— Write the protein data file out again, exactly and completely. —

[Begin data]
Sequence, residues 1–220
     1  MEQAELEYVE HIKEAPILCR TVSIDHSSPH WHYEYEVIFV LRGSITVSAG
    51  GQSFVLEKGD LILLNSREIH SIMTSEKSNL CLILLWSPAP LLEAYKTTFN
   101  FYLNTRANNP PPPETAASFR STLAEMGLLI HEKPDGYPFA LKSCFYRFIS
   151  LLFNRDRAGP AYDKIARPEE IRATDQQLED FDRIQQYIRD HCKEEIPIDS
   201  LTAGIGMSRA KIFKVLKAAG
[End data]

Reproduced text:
Sequence, residues 1–220
     1  MEQAELEYVE HIKEAPILCR TVSIDHSSPH WHYEYEVIFV LRGSITVSAG
    51  GQSFVLEKGD LILLNSREIH SIMTSEKSNL CLILLWSPAP LLEAYKTTFN
   101  FYLNTRANNP PPPETAASFR STLAEMGLLI HEKPDGYPFA LKSCFYRFIS
   151  LLFNRDRAGP AYDKIARPEE IRATDQQLED FDRIQQYIRD HCKEEIPIDS
   201  LTAGIGMSRA KIFKVLKAAG